Golf doesn’t look that hard, right? I mean, you zoom around in a little battery powered cart across somebody else’s gorgeously manicured lawn. You swing a club at a stationary ball in a direction which will advance it toward a hole in the ground. Unlike other sports, no one is trying to get in your way, steal the ball from you or make it move in such a way that you miss it when you swing. So how hard could it really be?
You may well believe those things until you actually try golfing. Those fun golf carts are expensive to rent, and if you elect to walk, those bags can get mighty heavy on a summer day. Tell yourself that ball is just sitting there all you like. It doesn’t make it any easier to hit straight.
Golf looks easy only to those who haven’t tried it. Golf is hard.
My dad has a saying about amateur golfers. He says for every hundred slices, hooks and divots there will come that one sublimely perfect swing that keeps the vast majority of golfers going through the rough (pun intended) patches. Sure, the beauty, peace and quiet of the course may get you out there, but unless you have no sense of self-improvement, every so often you have to have some success to keep yourself going.
The same thing is true with writing.
Writing looks easy until you sit down and actually do it. Rebecca Moesta points out during every Superstars that people love to say how they plan to sit down and write a novel one day, the implication being that’s just something you sit down and bang out, no problem. I’m willing to bet most of our readers here know better.
Now, obviously with both golf and writing, there is enjoyment to be had in the experience itself. Most writers I know (myself included) would keep writing even their stories never made them a dime or won them any accolades. But if you do want to take your writing past the hobby phase, you end up plunging headlong into the grueling world of submitting your work. Whether it be it short stories to magazines or novels to agents and editors, it can sometimes (often) feel like beating your head against a brick wall.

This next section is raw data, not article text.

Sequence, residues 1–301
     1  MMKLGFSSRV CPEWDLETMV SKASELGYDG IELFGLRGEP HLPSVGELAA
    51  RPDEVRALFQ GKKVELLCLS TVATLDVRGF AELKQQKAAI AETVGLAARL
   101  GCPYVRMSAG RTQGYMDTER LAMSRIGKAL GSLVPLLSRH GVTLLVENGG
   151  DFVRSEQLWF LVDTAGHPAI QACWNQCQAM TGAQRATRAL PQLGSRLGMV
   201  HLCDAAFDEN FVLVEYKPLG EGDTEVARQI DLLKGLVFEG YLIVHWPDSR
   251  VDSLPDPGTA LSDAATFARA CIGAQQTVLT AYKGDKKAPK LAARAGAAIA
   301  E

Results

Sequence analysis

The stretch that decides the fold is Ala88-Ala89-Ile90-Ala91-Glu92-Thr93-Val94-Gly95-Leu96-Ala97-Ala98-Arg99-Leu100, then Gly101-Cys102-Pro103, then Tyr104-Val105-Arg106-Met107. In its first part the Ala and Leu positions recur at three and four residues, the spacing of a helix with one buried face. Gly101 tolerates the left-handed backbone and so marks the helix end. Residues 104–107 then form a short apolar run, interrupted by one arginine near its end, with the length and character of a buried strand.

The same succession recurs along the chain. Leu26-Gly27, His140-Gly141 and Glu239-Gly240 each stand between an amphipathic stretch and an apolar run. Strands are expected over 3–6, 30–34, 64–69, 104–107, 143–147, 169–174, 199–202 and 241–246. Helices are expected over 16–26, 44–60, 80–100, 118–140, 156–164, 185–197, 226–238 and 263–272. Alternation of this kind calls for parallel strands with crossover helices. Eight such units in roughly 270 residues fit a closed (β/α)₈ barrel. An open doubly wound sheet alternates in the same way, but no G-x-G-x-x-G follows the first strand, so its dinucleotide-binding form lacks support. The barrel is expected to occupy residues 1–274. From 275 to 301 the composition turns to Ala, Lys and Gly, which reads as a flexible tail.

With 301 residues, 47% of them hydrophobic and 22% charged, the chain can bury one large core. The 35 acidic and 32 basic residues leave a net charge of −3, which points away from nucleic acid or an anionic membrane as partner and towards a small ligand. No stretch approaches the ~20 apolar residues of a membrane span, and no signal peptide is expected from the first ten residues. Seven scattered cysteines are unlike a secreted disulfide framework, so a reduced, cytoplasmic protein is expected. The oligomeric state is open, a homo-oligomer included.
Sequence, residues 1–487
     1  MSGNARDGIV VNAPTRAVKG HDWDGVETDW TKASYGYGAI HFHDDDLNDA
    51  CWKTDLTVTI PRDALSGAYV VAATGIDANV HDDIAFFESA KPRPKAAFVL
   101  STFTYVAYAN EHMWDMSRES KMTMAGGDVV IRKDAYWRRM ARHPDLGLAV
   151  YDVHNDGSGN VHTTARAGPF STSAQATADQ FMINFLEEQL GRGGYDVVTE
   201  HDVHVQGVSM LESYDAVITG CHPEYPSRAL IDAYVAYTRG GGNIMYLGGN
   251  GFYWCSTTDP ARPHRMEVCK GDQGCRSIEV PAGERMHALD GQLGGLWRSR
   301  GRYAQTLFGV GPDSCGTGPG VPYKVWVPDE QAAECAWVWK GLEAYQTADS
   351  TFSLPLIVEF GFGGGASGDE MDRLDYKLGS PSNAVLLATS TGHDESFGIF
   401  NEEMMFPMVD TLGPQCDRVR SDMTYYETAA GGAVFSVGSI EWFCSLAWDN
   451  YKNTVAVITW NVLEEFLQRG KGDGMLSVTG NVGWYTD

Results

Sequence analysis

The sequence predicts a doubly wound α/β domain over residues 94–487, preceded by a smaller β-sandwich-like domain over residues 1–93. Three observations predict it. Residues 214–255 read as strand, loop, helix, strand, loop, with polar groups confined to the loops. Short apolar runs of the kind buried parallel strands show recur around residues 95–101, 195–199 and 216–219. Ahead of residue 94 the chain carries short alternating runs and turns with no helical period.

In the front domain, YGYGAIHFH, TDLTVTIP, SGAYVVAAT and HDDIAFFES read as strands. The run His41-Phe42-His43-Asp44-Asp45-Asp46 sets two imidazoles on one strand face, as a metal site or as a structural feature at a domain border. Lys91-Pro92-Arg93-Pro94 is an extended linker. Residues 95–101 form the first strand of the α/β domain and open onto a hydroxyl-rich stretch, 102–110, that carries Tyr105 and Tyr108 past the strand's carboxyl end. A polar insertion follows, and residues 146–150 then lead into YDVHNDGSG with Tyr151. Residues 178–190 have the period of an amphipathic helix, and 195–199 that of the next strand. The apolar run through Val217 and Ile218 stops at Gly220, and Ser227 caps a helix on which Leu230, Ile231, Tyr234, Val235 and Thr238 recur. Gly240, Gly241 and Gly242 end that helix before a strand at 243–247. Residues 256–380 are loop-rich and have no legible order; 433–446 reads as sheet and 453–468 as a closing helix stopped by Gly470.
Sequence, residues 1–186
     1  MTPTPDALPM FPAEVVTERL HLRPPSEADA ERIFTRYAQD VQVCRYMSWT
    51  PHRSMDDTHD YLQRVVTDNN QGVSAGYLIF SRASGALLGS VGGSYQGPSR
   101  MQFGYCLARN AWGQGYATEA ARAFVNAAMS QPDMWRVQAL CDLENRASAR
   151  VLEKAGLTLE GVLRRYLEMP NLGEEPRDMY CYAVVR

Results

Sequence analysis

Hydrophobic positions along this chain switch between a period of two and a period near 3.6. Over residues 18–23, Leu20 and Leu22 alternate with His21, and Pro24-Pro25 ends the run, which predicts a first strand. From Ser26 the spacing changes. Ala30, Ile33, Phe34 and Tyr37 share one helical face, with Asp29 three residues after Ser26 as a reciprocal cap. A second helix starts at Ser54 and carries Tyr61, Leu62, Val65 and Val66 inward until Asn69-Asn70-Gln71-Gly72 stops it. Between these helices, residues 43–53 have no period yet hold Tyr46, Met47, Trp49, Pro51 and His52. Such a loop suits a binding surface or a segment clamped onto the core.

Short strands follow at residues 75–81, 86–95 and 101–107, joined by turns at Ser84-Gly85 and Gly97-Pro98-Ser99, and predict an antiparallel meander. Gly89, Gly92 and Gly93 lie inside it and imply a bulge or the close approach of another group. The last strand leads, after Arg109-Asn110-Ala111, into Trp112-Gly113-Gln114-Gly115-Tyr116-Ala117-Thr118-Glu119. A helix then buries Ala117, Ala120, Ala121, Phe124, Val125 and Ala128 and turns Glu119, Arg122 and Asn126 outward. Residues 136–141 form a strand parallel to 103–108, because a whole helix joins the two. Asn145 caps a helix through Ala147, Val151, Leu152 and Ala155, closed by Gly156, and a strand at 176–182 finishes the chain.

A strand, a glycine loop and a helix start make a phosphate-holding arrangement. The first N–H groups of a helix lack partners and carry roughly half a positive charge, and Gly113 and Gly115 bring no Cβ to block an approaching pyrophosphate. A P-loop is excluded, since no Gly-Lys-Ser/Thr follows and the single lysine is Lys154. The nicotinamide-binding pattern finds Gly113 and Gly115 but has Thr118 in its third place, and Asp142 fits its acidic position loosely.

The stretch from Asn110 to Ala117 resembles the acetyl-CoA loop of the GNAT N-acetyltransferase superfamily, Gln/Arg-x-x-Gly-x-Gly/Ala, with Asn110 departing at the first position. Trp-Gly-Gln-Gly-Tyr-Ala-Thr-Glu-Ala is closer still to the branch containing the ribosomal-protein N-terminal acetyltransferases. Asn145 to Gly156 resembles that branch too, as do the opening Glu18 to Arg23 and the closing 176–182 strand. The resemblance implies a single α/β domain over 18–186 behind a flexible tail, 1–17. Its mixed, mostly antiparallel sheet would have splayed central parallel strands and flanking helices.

You really need that one sublimely perfect swing every now and then to keep you going through the rough patches. The bad news is that you have to force yourself to keep putting your work out there even when it’s getting zero traction. The good news is as long as you keep doing so, your perfect swing can happen at literally any moment.
This time last year I’d allowed my short story submissions to trickle down to almost nothing. I’d had a run of misfortune with a couple of near-misses that had left me feeling disheartened with short story publication and I was focusing on a novel instead. Then on a whim, right before Christmas I submitted a story I’d left languishing for years. It was a particular favorite of mine, but too long to publish most places and one that had never garnered any positive feedback at a professional level. I didn’t think anything would come of it, but on Christmas Eve I got an email from the editor praising the story’s writing and characters and asking to hold it for further review.
The story would go on to be published several months later, but it was that initial show of interest that was my sublimely perfect swing. It was such a small thing, basically a note from a stranger effectively saying “I enjoyed this story enough to care about what happens to it.” It jazzed me up and gave me the drive to submit again. Now I keep my stable of stories on a constant submission rotation. As soon as one is rejected, I find another market and send away. In the process I’ve gotten better about identifying which markets might be good fits for which stories, which only helps matters. And you know what? The positive feedback on my submissions has increased as a result. It’s only a matter of time before I hit the next perfect swing, and who knows, this one might be a hole-in-one.